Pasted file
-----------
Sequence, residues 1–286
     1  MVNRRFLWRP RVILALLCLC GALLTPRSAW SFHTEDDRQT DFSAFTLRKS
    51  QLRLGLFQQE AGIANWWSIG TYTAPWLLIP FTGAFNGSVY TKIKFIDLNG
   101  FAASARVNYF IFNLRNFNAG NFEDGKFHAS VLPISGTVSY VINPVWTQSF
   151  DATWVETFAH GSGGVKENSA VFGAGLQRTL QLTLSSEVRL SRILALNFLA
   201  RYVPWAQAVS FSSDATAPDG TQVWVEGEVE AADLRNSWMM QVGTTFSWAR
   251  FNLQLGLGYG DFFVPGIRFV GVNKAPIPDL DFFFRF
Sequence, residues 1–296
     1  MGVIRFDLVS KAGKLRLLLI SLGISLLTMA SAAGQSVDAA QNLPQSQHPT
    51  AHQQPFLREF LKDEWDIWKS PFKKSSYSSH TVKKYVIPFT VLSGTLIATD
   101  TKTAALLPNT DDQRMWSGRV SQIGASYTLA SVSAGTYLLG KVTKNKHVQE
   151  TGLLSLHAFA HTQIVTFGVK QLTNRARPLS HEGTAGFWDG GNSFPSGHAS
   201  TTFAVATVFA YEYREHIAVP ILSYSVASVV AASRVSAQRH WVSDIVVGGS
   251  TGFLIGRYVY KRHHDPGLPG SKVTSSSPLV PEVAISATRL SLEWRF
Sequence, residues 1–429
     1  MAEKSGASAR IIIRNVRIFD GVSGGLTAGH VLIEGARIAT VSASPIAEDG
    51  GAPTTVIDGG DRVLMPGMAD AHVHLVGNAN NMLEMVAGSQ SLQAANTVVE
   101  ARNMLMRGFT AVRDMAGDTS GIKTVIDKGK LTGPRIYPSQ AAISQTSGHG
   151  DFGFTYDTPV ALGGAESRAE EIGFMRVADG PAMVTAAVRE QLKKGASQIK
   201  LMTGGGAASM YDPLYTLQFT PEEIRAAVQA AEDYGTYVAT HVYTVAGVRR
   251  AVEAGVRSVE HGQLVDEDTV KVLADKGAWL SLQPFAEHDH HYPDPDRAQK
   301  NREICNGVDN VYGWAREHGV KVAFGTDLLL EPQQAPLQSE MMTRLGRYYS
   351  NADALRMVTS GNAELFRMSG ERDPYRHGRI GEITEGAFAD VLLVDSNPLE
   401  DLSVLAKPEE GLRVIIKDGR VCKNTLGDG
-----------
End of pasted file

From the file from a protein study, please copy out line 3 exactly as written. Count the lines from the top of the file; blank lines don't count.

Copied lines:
    51  QLRLGLFQQE AGIANWWSIG TYTAPWLLIP FTGAFNGSVY TKIKFIDLNG